Research methods based on the frequentist philosophy use prior information in a priori power calculations and when determining the necessary sample size for the detection of an effect, but not in statistical analyses. Bayesian methods incorporate prior knowledge into the statistical analysis in the form of a prior distribution. When prior information about a relationship is available, the estimates obtained could differ drastically depending on the choice of Bayesian or frequentist method. Study 1 in this project compared the performance of five methods for obtaining interval estimates of the mediated effect in terms of coverage, Type I error rate, empirical power, interval imbalance, and interval width at N = 20, 40, 60, 100 and 500. In Study 1, Bayesian methods with informative prior distributions performed almost identically to Bayesian methods with diffuse prior distributions, and had more power than normal theory confidence limits, lower Type I error rates than the percentile bootstrap, and coverage, interval width, and imbalance comparable to normal theory, percentile bootstrap, and the bias-corrected bootstrap confidence limits. Study 2 evaluated if a Bayesian method with true parameter values as prior information outperforms the other methods. The findings indicate that with true values of parameters as the prior information, Bayesian credibility intervals with informative prior distributions have more power, less imbalance, and narrower intervals than Bayesian credibility intervals with diffuse prior distributions, normal theory, percentile bootstrap, and bias-corrected bootstrap confidence limits. Study 3 examined how much power increases when increasing the precision of the prior distribution by a factor of ten for either the action or the conceptual path in mediation analysis. Power generally increases with increases in precision but there are many sample size and parameter value combinations where precision increases by a factor of 10 do not lead to substantial increases in power.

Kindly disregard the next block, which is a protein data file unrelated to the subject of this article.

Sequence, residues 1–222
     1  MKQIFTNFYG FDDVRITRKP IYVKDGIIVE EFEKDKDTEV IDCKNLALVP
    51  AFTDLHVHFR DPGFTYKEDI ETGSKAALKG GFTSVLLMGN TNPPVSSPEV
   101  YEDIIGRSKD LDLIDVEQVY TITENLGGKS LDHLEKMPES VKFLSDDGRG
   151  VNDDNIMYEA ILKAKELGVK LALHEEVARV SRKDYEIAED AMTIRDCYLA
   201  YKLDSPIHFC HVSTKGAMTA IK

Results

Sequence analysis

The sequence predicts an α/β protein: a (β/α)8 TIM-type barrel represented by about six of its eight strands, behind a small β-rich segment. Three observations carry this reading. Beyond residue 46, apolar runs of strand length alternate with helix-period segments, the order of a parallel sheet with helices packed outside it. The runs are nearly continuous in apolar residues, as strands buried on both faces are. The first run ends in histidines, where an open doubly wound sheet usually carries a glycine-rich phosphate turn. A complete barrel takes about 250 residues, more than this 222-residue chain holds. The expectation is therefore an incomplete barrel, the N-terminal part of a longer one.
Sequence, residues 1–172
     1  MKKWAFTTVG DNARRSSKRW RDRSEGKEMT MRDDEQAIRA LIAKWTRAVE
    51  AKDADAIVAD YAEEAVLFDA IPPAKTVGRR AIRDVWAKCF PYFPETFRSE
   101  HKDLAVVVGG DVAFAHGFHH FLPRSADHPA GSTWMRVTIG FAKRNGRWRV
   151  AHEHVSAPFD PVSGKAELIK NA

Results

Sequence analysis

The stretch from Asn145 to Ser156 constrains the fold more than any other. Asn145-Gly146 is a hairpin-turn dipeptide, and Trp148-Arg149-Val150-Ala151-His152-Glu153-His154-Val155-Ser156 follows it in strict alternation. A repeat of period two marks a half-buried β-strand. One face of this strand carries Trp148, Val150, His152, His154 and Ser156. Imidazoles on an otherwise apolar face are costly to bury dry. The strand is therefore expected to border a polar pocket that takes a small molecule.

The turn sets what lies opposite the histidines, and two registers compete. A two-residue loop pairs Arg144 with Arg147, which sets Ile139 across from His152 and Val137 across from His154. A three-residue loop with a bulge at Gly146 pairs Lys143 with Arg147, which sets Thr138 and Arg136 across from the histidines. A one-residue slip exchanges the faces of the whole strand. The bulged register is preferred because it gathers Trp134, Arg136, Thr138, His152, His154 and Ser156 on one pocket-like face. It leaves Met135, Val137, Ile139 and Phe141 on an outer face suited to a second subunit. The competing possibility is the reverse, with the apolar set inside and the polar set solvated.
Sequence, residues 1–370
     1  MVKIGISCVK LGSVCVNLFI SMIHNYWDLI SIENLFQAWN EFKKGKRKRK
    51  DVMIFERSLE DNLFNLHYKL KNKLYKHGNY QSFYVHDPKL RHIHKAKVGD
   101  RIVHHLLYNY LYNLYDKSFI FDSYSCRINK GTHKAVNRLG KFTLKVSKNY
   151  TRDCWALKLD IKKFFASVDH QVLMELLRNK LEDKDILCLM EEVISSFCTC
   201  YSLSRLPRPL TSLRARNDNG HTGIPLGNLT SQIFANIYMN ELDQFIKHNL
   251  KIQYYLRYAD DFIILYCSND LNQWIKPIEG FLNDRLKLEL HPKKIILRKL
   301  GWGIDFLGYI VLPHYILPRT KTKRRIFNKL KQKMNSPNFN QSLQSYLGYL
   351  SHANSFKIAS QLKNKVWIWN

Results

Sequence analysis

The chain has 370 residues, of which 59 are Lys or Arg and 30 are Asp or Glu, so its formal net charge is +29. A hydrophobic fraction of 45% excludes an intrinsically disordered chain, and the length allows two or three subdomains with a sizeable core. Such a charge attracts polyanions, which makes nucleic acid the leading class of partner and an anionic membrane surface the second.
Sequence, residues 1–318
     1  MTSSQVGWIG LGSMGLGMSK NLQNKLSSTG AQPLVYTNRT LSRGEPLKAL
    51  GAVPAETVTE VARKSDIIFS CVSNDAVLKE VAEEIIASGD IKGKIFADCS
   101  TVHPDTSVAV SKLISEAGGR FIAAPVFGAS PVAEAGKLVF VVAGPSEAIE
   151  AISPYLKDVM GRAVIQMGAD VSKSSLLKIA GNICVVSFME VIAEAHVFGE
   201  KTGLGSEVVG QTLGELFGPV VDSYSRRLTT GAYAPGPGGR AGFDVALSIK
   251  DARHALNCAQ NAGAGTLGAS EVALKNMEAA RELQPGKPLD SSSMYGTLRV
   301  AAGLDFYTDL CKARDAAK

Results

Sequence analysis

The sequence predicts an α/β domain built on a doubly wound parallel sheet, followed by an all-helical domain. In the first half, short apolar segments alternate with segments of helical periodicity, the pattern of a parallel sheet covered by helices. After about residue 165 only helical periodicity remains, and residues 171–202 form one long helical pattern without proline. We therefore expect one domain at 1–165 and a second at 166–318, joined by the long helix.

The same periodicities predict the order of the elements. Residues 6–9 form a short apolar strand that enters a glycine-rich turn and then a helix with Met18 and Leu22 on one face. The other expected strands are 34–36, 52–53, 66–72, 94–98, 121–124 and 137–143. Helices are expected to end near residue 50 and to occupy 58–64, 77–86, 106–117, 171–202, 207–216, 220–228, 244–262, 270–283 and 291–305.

Contributors

Agent

Created

Date Created
  • 2014

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The Impact of Varying the Number of Measurement Invariance Constraints on the Assessment of Between-Group Differences of Latent Means

Description

Structural equation modeling is potentially useful for assessing mean differences between groups on latent variables (i.e., factors). However, to evaluate these differences accurately, the parameters of the indicators of these